AB: If HB1326 is the bill that Mahi Pono is pushing, as their community relations person, what are you telling them about how they could make it pono?
TL: Well, first of all, we’ve got to complete that EIS [Environmental Impact Statement], right? You can’t apply for a long-term lease without an EIS, and so they’re committing to completing that EIS. That costs upwards of $2 million, and so they’re doing it. That is expected to take maybe up to two years.
But going back to the bill, I can only do so much from the inside, right? Like I said earlier, I can’t expect them to do everything that I want, but if I can influence them even just 20 percent, then that’s a lot better than what we’ve had.
AB: Will Mahi Pono address Hawaiian land title – all the disputes that people have been having with A&B and the land?
TL: Yes, they are learning, let me tell you. You know, that historical trauma runs deep.
TL: I’m going to focus on moving forward. I want us to move forward. I want to be able to work closely with the HC&S employees – well, now Mahi Pono employees – on having more collaboration. And agree to disagree.
AB: Can you talk about any of Mahi Pono’s upcoming commitments?
TL: I’d be happy to share a few. We are creating an ag advisory board with Native Hawaiian farmers, representatives from the Hawai‘i Farmers Union, Hawaii Farm Bureau, and then a few others who have strong farming backgrounds. Mahi Pono didn’t have to create an ag board, but they’re taking some of the ideas that we’ve given them and realized that it’s a good way to move forward. And so this ag advisory board will help with the first thing that Mahi Pono is going to focus on: the community farm plan. They’ll help us figure out what that looks like, where the lands will be located, and what some of the rules are going to be. I’m putting that together.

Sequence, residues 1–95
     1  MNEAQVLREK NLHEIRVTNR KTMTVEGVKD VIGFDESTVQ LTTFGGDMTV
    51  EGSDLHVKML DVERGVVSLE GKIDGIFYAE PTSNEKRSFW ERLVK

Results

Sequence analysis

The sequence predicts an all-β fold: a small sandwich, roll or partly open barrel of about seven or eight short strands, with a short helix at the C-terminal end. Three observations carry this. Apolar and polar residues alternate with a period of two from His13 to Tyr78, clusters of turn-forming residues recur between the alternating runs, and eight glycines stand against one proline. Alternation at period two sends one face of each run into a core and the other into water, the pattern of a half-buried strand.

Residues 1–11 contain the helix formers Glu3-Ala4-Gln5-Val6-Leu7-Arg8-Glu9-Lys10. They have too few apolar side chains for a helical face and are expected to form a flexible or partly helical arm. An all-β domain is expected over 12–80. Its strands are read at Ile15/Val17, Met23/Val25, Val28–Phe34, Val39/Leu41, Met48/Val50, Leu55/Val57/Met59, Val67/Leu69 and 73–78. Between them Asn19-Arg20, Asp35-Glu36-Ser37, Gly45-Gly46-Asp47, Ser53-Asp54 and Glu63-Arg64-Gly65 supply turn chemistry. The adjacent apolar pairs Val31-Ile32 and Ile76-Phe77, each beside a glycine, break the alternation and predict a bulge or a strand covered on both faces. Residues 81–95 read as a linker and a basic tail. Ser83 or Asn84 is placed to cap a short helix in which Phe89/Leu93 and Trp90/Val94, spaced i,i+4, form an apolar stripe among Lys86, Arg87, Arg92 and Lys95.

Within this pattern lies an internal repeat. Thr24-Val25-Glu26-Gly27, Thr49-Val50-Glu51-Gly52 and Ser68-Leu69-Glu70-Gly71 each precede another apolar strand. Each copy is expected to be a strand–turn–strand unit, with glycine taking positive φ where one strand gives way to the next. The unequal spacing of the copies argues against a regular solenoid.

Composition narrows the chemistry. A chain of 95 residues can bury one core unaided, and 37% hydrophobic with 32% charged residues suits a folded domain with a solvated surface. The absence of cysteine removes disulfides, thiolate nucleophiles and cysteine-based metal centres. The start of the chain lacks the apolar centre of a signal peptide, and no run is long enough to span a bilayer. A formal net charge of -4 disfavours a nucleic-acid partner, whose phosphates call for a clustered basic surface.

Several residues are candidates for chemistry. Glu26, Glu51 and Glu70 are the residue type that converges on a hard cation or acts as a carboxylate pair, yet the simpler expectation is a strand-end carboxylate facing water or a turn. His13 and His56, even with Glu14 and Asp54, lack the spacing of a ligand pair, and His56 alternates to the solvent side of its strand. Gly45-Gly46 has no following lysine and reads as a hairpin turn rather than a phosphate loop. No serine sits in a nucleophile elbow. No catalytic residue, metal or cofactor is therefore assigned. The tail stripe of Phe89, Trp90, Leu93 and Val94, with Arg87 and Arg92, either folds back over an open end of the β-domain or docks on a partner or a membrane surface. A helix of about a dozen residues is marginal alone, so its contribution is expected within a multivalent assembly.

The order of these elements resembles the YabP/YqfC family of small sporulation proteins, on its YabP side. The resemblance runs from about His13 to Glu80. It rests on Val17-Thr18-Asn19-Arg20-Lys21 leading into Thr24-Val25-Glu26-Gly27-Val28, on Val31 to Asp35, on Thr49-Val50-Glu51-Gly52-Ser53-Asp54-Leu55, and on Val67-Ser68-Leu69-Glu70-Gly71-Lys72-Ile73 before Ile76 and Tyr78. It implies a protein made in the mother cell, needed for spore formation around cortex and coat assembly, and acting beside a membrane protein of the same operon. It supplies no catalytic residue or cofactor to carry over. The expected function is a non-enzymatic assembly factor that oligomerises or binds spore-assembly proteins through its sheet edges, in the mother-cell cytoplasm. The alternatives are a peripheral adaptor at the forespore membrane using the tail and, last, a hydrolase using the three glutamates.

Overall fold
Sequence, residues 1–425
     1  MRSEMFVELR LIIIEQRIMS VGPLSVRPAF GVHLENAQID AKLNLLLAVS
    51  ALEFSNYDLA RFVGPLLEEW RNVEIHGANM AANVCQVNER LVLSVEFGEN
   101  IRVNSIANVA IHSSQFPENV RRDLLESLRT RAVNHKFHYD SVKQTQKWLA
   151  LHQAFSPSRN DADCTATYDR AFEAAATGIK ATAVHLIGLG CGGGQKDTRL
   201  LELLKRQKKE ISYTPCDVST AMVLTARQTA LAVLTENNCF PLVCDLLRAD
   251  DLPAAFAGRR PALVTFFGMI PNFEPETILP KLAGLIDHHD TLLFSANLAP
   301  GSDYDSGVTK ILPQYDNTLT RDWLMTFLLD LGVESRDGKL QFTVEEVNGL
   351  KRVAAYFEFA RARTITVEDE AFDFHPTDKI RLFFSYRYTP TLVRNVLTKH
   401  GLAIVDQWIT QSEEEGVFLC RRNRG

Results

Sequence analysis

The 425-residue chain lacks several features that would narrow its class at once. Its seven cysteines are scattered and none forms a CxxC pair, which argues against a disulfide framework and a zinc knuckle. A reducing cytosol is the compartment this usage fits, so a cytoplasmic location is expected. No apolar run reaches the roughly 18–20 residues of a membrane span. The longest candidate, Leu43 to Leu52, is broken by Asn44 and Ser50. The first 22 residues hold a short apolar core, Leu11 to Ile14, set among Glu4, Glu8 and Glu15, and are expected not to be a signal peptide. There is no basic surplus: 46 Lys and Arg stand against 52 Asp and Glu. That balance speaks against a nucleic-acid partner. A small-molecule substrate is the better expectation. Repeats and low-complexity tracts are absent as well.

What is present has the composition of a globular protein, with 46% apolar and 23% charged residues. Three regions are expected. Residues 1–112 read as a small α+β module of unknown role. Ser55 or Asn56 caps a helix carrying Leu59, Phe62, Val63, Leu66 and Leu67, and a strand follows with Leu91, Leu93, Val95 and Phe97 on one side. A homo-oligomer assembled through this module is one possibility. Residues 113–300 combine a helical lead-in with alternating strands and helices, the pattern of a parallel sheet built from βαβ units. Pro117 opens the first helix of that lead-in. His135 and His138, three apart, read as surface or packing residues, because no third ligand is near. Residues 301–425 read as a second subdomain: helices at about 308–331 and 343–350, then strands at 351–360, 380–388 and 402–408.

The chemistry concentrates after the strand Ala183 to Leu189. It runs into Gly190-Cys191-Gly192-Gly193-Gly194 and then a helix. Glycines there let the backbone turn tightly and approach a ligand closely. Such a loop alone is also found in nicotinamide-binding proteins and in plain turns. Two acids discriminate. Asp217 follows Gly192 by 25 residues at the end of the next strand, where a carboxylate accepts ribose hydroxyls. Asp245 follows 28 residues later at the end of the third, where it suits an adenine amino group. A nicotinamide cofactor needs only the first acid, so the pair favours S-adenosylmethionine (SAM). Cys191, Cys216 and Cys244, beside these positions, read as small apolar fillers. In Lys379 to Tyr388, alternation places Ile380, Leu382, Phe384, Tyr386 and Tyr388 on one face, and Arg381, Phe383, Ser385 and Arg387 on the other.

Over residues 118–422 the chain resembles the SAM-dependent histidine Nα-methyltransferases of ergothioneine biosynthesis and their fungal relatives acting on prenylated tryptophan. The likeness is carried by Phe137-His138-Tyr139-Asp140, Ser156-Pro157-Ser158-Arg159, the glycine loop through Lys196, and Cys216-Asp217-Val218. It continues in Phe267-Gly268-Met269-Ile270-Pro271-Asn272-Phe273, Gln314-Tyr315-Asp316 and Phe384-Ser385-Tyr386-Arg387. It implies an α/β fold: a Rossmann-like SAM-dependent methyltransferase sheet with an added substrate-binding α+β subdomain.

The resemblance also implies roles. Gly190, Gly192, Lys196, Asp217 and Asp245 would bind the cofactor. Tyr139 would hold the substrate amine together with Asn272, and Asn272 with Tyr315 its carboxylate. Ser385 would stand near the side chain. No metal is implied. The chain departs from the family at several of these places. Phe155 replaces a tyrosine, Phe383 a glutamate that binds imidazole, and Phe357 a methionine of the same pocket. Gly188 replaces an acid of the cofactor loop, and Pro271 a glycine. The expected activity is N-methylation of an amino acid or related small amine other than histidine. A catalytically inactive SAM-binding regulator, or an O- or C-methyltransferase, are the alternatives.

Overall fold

I’m excited because we’ve never had that before. And then to have a Native Hawaiian voice on this ag advisory board, that’s progress.
AB: Anything else you’d like to share?
TL: We are working on an ‘ulu project across from Ho‘okipa. And so the goal is to adopt more civil pastoral practices, and I just got the green light this week to plant 100 ‘ulu trees in Hamakuapoko, in the ranchland. We’ll shade the cows, and they love to eat ‘ulu. And it restores the cultural landscape of Hamakuapoko, so I’m excited about that.
We want to do some cover cropping to help with soil remediation. The good thing about the [sugarcane] closure over the past two years is the soil has actually improved a lot, and there are soil samples out there that can prove it. But ultimately that needs water, manpower. They’re still building up their local team. They’re going to start putting out applications soon to build up their workforce.
DR: What kind of timetable do you see?
TL: Well, It hasn’t even been two months. You know, the plantation was here for 150 years. As Shan says,”‘Can we give these guys 150 days to kind of work out the kinks and figure things out?” I want to give these guys a little bit of time before they start anything, because that community outreach component is very important.
DR: You want to give them information before they launch anything?
TL: Absolutely, and that’s why I think being in my new position is beneficial. I want the community to know Tiare Lawrence isn’t going anywhere. I’m still Tiare; I’m still going to be that voice. I’m still going to stand up for my mauna, I’m still going to stand up for mauka to makai connectivity, I’m still going to stand up against GMOs and all of that. I’m still me; I’m just not at the Capitol. I’m now working for the company that has Maui’s future in the palm of their hands, and so if I can help guide them in the right direction and eventually help them live up to their name, then I’m all for it. And if things go south and don’t really go the way I would hope, then I will be the first person to leave, but I’m willing to put myself out there and sacrifice myself because I care about Maui and I care about Maui’s future. This is about my kids’ future. This is about future generations. The decisions that happen today affect seven generations from now, so if we can grow more food and grow more renewable energy, and do it in a respectful way by managing our resources properly, then it’s a hell of a lot better than what we’ve had the past 150 years.
Photo by Bailey Rebecca Roberts